Autobiographical Remarks

Skip Norman

On December 22, 1933, I was born in Baltimore, Maryland, U.S.A., as a first son. I spent my childhood in Washington, D.C. My education went on in the usual way: Elementary school, middle school and high school, which I completed with an examination corresponding to the German Abitur.

In 1961 I was granted a scholarship to the University of Göttingen. In the fall of the same year I enrolled at the Faculty of Philosophy and studied German language and literature. In addition to German language and literature studies, an interest in theater developed. My membership in the dramaturgy department of the Department of German Philology extended beyond 6 semesters, where I was allowed to work as a performer, director, assistant director, set designer, sound engineer and stage manager. These amateur acting activities opened the door to the great theater for me. In the period between Nov. 64 – Feb. 65 I played simultaneously on all public stages in Göttingen: the dramaturgical department of the University of Göttingen, Deutsches Theater Göttingen and Junges Theater Göttingen.

In autumn 1964 I changed my field of study. I began to study medicine. One year later I gave up studying completely. I went to Denmark in the winter of 1965 to earn my trip to the States financially. I worked in Denmark in a small metalworking factory. During this time my interest in film grew. I applied to the German Film and Television Academy in Berlin and was accepted in spring 1966 after the entrance examination.

 

Skip Norman wrote these remarks in German. The document is part of his personal file at Deutsche Film- und Fernsehakademie Berlin (DFFB); Source: Deutsche Kinemathek. dffb-Archiv. File: N12697_dffb NORMAN, Skip. Image: Deutsche Kinemathek. dffb-Archiv.

[Suggested citation: Skip Norman, “Autobiographical Remarks,” Rosa Mercedes 03/A (January 2021), www.harun-farocki-institut.org/en/2021/01/28/autobiographical-remarks/]

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January 28th, 2021 — Rosa Mercedes / 03 / A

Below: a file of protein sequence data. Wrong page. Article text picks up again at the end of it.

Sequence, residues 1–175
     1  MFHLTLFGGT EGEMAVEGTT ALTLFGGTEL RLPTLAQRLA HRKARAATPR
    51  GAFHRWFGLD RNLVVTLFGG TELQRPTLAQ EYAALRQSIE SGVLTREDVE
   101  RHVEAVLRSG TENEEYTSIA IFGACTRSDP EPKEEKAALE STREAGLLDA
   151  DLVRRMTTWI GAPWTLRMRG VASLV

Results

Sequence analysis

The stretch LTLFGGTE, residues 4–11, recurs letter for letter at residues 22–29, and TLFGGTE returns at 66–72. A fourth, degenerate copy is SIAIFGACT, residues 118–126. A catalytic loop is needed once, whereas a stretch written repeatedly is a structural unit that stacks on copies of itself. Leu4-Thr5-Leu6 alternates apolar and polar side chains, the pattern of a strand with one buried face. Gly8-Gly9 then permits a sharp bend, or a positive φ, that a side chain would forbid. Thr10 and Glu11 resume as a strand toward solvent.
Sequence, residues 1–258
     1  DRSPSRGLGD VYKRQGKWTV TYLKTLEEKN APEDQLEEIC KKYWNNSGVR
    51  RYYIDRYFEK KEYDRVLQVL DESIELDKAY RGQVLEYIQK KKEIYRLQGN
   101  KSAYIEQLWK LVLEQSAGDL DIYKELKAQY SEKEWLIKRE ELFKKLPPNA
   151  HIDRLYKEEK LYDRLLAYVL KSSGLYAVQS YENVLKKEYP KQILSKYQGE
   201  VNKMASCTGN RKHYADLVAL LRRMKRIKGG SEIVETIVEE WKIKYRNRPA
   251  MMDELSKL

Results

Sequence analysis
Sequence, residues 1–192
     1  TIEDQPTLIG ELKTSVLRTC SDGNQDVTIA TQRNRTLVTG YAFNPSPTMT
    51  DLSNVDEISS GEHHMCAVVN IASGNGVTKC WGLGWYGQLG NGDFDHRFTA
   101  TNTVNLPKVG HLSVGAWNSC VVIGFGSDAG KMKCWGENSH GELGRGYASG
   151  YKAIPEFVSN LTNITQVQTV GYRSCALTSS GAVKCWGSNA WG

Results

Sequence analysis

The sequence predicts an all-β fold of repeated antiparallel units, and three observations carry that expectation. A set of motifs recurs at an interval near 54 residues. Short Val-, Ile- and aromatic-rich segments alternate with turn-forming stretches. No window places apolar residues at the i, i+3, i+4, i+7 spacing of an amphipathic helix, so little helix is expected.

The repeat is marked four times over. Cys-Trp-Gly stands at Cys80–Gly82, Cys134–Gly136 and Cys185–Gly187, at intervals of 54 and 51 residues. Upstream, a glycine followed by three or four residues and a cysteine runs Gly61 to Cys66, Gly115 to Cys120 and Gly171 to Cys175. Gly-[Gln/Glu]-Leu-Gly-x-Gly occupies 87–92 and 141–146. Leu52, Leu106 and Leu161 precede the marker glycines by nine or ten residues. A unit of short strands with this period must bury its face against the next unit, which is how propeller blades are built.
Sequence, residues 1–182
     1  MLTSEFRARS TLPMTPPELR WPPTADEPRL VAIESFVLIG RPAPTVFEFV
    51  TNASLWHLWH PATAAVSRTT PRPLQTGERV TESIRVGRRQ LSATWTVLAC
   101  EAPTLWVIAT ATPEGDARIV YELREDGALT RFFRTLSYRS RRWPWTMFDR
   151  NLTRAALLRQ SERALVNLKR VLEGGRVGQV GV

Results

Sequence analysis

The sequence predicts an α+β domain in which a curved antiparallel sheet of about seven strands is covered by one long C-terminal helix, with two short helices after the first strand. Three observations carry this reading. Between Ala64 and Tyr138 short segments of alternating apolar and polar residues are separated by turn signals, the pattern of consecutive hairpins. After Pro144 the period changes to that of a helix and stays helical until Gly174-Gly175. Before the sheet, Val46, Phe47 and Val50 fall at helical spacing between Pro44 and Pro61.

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Tatsiana Shchurko on the War in Ukraine, Entangled Imperialisms, and Transnational Feminist Solidarity, via LeftEast (May 2, 2022): “[An] uneven knowledge production and the many implications of the war against Ukraine reveal the dire need to develop a feminist anti-capitalist critique of multiple imperialisms. This language should grow from within the occupied and suppressed communities of Eastern Europe and Eurasia. An anti-imperialist and anti-capitalist feminist positionality grasps that the local is part of a global in an effort to build transnational connections of mutual aid and support against state and corporate violence. For example, statements of solidarity with Ukraine expressed by the International Committee of Indigenous Peoples of Russia and Native American communities along with the anti-war feminist march in Bishkek (Kyrgyzstan) on March 8, 2022, pointing out that the war in Ukraine should be of concern for a broad transnational community, may serve as instrumental examples of alternative anti-capitalist and anti-imperialist solidarities that stretch beyond state regulations and macro-politics and foreground decolonial perspectives, necessary in addressing entanglements of multiple imperialisms. Such solidarities also bring to light hidden interconnections of the past that allowed for distant communities to survive and support each other against the violence of imperialist intervention and its attendant capitalist exploitation. Thus, the march in Bishkek reminds of the socialist roots of the International Women’s Day to call for internationalist, intersectional, class solidarity against imperialism and militarism.”